Fall 2011 and Winter 2012 quarters
- Greg Mullins comparative literature, American studies
- Fields of Study
- American studies, law and public policy and philosophy
- Preparatory for studies or careers in
- human rights, philosophy, digital humanities, history, museum studies, new media studies, web design and publication, American studies and politics.
Students in this program will research human rights in Washington state for publication in the program's spring quarter continuation. The Human Rights Digital Archive is a web-based resource that aims to foster education, dialogue and critical debate about human rights. To ensure sophisticated and publishable research, the program will emphasize both the theory and practice of human rights.
Students will collaboratively design and construct this project. To do so they will pool existing talents and skills, and will develop skills as appropriate in web design, graphic design, digital media (photography, video, audio), archival research, collecting oral histories, securing permissions, writing, editing, etc.
The language of human rights evolved internationally, especially in the twentieth century, and part of our work will focus on Washington state as a translocal site, a kind of pivot between national and transnational movements and discourses and the very local level at which humans live and work. Human rights concerns in Washington state history include voting rights, civil rights, labor rights, freedom from discrimination, and many others. Our guiding questions will include: what are the origins of "rights" frameworks? How do they work as law? How do they work as politics? How do they work both internationally and locally?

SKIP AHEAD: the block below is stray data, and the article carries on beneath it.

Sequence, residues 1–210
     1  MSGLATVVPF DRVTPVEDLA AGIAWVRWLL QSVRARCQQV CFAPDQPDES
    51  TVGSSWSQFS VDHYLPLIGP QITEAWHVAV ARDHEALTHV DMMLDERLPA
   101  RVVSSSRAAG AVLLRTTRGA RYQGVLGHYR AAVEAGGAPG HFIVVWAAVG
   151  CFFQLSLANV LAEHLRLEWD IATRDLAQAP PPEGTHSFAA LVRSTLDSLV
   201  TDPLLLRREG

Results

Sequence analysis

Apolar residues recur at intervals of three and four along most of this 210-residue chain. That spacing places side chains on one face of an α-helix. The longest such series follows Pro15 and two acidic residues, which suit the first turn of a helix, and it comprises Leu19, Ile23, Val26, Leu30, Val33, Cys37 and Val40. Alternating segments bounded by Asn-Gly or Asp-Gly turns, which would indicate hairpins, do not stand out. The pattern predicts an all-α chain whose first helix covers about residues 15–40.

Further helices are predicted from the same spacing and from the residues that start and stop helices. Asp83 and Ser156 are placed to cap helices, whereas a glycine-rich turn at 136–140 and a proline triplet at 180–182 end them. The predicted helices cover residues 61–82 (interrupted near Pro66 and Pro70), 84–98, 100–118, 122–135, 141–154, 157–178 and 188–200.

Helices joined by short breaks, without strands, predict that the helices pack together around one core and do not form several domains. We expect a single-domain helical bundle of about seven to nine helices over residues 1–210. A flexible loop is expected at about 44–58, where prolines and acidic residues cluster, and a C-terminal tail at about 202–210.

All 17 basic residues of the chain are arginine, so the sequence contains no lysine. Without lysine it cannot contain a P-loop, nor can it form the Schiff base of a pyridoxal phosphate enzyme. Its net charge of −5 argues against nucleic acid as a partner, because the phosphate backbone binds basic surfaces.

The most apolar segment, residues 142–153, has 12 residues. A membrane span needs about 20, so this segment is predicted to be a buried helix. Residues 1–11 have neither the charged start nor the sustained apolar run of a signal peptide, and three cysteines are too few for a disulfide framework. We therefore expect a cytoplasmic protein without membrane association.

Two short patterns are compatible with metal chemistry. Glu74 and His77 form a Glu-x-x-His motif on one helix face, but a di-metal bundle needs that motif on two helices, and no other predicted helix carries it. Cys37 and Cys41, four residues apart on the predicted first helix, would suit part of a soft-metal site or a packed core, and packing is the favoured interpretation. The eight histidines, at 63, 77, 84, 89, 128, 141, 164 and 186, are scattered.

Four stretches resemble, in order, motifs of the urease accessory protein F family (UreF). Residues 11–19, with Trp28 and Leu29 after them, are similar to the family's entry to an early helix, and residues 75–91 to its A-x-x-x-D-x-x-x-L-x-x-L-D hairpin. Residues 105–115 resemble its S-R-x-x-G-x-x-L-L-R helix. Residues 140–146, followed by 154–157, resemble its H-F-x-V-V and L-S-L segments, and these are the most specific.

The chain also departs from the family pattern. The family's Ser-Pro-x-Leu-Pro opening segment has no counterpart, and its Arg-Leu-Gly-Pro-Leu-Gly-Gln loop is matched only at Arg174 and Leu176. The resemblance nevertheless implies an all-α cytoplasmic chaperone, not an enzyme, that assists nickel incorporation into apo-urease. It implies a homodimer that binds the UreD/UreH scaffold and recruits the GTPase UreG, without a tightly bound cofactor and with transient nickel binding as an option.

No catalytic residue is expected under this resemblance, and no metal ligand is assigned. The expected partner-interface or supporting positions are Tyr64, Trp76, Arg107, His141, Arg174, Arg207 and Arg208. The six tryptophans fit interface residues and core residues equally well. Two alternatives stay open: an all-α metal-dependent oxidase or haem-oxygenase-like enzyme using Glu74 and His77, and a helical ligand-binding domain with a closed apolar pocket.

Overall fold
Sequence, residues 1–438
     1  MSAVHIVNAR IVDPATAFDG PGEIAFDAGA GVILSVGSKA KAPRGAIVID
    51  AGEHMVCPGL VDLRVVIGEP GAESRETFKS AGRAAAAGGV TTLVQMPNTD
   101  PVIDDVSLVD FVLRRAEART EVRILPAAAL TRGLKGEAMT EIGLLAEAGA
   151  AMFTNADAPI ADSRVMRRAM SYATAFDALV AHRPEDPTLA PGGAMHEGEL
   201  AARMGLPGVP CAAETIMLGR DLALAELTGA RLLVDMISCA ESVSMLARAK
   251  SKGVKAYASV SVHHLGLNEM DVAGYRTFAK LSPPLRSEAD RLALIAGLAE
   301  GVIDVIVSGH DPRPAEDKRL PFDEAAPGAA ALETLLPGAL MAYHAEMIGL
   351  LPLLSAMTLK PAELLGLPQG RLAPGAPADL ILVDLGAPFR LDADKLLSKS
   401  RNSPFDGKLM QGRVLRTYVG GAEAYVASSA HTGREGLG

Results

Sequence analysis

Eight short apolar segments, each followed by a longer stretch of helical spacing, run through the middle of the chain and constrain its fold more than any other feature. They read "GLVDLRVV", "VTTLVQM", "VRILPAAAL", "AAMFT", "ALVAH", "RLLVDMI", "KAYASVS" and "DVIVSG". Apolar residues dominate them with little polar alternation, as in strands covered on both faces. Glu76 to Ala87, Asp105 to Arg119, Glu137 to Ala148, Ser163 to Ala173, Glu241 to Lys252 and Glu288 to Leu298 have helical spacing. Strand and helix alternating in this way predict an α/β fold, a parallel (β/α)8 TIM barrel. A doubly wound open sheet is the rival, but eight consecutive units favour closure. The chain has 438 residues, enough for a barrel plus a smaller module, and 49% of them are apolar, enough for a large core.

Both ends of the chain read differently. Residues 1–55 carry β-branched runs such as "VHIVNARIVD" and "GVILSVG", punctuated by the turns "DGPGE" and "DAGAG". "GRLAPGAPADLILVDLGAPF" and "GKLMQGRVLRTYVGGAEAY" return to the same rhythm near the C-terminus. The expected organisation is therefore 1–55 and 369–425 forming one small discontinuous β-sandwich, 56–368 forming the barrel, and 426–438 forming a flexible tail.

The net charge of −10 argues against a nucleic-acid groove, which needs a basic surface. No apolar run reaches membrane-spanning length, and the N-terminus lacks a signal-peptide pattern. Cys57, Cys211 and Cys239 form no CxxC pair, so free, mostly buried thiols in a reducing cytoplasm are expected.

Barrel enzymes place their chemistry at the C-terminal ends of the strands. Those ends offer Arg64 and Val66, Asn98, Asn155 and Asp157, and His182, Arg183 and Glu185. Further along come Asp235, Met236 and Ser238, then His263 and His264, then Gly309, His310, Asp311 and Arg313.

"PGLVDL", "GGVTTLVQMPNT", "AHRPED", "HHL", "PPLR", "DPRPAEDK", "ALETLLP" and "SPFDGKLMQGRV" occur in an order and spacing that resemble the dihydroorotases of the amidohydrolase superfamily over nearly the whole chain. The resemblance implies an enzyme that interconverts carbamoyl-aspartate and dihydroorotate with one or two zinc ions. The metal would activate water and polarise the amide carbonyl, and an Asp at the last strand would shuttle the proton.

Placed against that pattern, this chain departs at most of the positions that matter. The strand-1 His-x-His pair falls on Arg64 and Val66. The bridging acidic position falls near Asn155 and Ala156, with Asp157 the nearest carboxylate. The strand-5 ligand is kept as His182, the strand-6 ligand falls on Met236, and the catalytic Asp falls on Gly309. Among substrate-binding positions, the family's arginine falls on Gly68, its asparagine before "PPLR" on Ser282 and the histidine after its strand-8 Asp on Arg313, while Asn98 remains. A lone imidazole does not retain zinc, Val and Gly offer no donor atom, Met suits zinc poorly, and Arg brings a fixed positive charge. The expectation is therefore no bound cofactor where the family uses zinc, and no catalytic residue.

In order to build an intellectual foundation capable of supporting our research, we will read widely in philosophy and theory. Our concern will be not only liberalism and the political philosophy of rights, but also the philosophy of history, memory and communication. Why and how does the state sponsor historical markers, museums and memory sites? Why and how do non-state actors produce memorial practices and memory sites? How have the Internet and digital technologies changed memorial practices, and memory itself? How do new web-based aesthetic demands shape narratives and images of history and of human rights? How can the study of aesthetics and the philosophy of art advance our critical understanding of our own Digital Archive project? Each of these theoretical questions demands serious attention in its own right, and we will devote a significant portion of our time to serious (and often difficult) texts.
Each quarter, these threads will grow progressively interlaced. Fall quarter we will study both theory and philosophy and pursue an intensive research program to gather sources, evidence, images, etc. in a specific area of human rights concern. Winter quarter we will sharpen the theoretical principles that support our digital memory project, and students will write, edit, revise, scan, Photoshop, and otherwise work on material for the project. This prepares students for a linked spring quarter program that will focus on production.
This program requires enthusiasm for collaborating in groups, the ability to offer and receive critique, a willingness to turn one's research over to others for rewriting, editing and transformation, the flexibility to promote debate about human rights (rather than to grind ideological axes), and devotion to the principle that scholarship can provide public service of enduring value. The theoretical strands of inquiry will likewise require serious dedication. We seek a dedicated cohort who will commit to this project for the academic year.
- Campus Location
- Online Learning
- Hybrid Online Learning < 25% Delivered Online
- Greener Store
- Required Fees
- $200 per quarter for field trip costs.
- Research Possibilities
- Collaborative research is essential to the program.
- Offered During
|July 6th, 2011||Greg Mullins will be teaching Human Rights and Wrongs.|